McDonald’s is headed for a crisis in India.
A long-drawn legal battle with one of its local joint venture (JV) partner of 22 years, Connaught Plaza Restaurants (CPRL), is straining the company’s business. On Aug. 21, the fast-food chain said it had issued a notice of termination on its franchise agreement with CPRL, which runs its outlets in north and east India, leaving the future of 169 of its outlets uncertain.
The move comes after years of litigation over the control of CPRL, headed by Vikram Bakshi since 1996. The case had led to a slowdown for the burger chain in Asia’s third-largest economy. The closure of 43 Delhi outlets in July, following a licence expiry, was another reason that compelled the chain to terminate its ties with CPRL, McDonald’s said in a statement following the notice issued to CPRL.
The move could hit business in parts of India, as the burger chain seeks to appoint a new partner and rebuild its brand across the northern and eastern markets, the statement said.
So what exactly is happening with the golden arches in India?
How it all began
McDonald’s first set foot in the country in 1996 following the opening up of the market to foreign players in the wake of economic reforms.
Its first store was in New Delhi’s Basant Lok market, with its local JV partner, Bakshi’s CPRL. For the south and west of India, the company tied up with Mumbai-based Hardcastle Restaurants, which owns the master franchise rights for these regions even now.
Today, it has close to 400 outlets across India, dramatically reshaping India’s fast-food culture, especially among the middle- and affluent classes, over the years.
However, in August 2013, in an abrupt and very public announcement, McDonald’s ousted Bakshi as managing director of CPRL over alleged financial irregularities. It claimed that Bakshi’s other business interests were benefiting through his management of the fast-food chain in India.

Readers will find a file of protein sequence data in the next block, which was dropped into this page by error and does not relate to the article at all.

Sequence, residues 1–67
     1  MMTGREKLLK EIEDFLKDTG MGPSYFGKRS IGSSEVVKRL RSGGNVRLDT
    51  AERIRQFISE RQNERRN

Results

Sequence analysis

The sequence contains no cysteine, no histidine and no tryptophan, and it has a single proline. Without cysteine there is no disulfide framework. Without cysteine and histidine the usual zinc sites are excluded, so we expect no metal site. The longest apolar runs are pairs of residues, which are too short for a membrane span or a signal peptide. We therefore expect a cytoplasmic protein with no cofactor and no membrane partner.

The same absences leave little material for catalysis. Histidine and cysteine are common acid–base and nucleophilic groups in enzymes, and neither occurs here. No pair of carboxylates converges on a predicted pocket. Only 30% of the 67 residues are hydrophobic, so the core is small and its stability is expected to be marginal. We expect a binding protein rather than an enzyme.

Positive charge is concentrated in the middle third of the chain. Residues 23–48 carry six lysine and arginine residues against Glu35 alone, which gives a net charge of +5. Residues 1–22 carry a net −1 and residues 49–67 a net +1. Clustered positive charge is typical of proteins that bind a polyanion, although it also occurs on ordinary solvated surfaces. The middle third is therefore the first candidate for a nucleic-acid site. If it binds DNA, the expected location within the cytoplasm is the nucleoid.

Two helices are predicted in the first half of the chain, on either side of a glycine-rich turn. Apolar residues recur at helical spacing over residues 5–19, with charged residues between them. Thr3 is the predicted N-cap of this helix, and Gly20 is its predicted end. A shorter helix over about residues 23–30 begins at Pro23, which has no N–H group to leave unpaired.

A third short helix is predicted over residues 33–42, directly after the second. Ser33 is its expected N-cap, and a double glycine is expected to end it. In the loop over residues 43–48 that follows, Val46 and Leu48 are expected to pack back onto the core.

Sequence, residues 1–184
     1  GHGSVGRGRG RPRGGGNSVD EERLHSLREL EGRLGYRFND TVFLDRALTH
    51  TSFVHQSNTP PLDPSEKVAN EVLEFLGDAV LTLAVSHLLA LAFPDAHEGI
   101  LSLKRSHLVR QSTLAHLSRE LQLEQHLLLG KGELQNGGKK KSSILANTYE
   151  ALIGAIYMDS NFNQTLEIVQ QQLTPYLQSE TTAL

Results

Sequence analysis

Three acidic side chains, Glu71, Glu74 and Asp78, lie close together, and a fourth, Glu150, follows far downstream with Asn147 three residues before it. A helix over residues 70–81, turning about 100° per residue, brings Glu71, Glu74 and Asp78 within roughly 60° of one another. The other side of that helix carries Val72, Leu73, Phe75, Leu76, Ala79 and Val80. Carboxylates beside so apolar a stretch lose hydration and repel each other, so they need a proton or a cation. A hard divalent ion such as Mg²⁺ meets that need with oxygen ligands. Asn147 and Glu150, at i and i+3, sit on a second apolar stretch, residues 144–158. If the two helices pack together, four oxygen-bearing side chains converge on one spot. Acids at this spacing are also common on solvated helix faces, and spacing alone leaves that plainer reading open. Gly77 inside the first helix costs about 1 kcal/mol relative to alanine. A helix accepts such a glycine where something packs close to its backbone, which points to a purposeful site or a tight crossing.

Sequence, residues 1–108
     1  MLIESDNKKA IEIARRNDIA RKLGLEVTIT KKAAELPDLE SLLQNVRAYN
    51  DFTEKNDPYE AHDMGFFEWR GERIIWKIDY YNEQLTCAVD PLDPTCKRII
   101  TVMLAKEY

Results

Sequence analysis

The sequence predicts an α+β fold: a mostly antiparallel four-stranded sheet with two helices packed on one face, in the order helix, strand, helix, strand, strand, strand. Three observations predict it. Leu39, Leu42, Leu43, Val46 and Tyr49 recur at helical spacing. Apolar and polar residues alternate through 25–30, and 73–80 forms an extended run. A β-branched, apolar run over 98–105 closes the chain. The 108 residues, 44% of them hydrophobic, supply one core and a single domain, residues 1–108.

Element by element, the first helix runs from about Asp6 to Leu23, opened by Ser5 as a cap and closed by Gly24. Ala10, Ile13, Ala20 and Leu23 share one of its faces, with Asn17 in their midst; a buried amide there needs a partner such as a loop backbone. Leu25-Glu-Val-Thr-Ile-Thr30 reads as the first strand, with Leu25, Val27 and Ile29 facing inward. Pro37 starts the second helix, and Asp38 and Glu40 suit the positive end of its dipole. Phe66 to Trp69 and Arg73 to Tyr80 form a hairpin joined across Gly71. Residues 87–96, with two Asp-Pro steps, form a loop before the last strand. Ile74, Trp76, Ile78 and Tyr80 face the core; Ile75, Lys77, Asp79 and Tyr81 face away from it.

A long legal battle ensued as Bakshi moved the Company Law Board (now the National Company Law Tribunal or NCLT) in September 2013. He stated that his removal was oppressive in nature and intended to buy him out at a lower valuation to take full control of the chain’s business in northern and eastern India.
In 2014, hinting at resolution, McDonald’s offered Bakshi Rs120 crore for his 50% stake in CPRL. But then Bakshi valued his stake at Rs1,800 crore. The two failed to arrive at a consensus.
CPRL’s business decisions are led by a four-member board comprising Bakshi, his wife, and two McDonald’s representatives.
The legal battle, along with a high rate of attrition, has affected day-day operations at the company, hampering the brand’s growth in north and east India. For instance, from 27 in 2012, the number of new-store openings was down to three in 2015. This, even as other fast-food chains, and in fact, McDonald’s own business in south and west India, expanded.
Wait and watch for Bakshi’s response to the Aug. 21 notice.
According to it, CPRL has 15 days to cease using the burger chain’s brand name, trademarks, designs, branding, operational and marketing practice, and food recipes in India. So, the existing 169 restaurants could face closure if CPRL fails to respond suitably to McDonald’s notice.
Meanwhile, without divulging details, the burger chain said it could “take time to bring the current situation to a final resolution.” It has hinted at uncertainty in its business in the near future. “As we proceed to exercise our legal and contractual rights consequent on termination, a priority will be to mitigate the impact on affected parties such as employees, suppliers and landlords and we are open to working with CPRL to achieve this.”
But Bakshi isn’t giving up easily. Calling the notice a desperate, contemptuous, and oppressive move, he said, “CPRL is considering the appropriate legal remedies that are available under law.”
Where to find McDonald’s in India?
You may walk into a McDonald’s outlet anywhere in India, for they’re are fully functional till the 15-day deadline ends. Or even after that if a solution is found by then.
In any case, it continues to operate smoothly in the west and south through Hardcastle Restaurants, managed by Amit Jatia.
On its part, the company seeking a replacement for Bakshi and CPRL. “We are already looking at the necessary steps to rebuild the brand. As part of this, we are committed to finding the right developmental licensee partner for north and east India, and are taking steps to do so.”